In the course of the year, however, the ephors again called out the ban against Elis, and with the exception of the Boeotians and the Corinthians all the allies, including the Athenians, took part with Agis in the campaign. Now when Agis entered Elis by way of Aulon, the Lepreans at once revolted from the Eleans and came over to him, the Macistians likewise at once, and after them the Epitalians. And while he was crossing the river, the Letrinians, Amphidolians, and Marganians came over to him.
Thereupon he went to Olympia and offered sacrifices17
to Olympian Zeus, and this time no one undertook to prevent him. After his sacrifices he marched upon the city of Elis, laying the land waste with axe and fire as he went, and vast numbers of cattle and vast numbers of slaves were captured in the country; insomuch that many more of the Arcadians and Achaeans, on hearing the news, came of their own accord to join the expedition and shared in the plunder. In fact this campaign proved to be a harvest, as it were, for Peloponnesus.
When Agis reached the city he did some harm to the suburbs and the gymnasia, which were beautiful, but as for the city itself (for it was unwalled) the Lacedaemonians thought that he was unwilling, rather than unable, to capture it. Now while the country was being ravaged and18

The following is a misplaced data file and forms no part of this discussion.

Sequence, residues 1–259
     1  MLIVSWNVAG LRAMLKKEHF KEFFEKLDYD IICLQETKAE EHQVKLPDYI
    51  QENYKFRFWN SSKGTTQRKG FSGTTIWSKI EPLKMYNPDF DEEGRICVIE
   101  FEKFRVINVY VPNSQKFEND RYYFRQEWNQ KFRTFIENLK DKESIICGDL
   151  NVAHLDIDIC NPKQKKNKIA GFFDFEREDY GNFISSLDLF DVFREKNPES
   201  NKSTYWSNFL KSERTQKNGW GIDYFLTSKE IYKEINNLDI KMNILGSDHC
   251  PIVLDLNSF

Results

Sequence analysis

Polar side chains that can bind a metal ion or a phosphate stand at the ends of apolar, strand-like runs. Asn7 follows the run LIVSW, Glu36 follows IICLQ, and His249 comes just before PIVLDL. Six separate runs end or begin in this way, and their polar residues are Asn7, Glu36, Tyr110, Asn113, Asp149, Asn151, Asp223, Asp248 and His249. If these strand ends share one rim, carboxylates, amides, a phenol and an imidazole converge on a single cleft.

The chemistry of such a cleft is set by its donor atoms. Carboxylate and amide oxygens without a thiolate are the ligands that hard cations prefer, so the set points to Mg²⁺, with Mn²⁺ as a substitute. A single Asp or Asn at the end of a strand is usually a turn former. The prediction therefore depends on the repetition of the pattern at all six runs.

the Lacedaemonian army was in the neighbourhood of Cyllene, the party of Xenias—the man of whom it was said that he measured out with a bushel measure the money he received from his father—wishing to have their city go over to the Lacedaemonians and to receive the credit for this, rushed out of a house, armed with swords, and began a slaughter; and having killed, among others, a man who resembled Thrasydaeus, the leader of the commons, they supposed that they had killed Thrasydaeus himself, so that the commons lost heart entirely and kept quiet,
while the men engaged in the slaughter supposed that everything was already accomplished and their sympathizers gathered under arms in the market-place. But it chanced that Thrasydaeus was still asleep at the very place where he had become drunk. And when the commons learned that he was not dead, they gathered round his house on all sides, as a swarm of bees around its leader.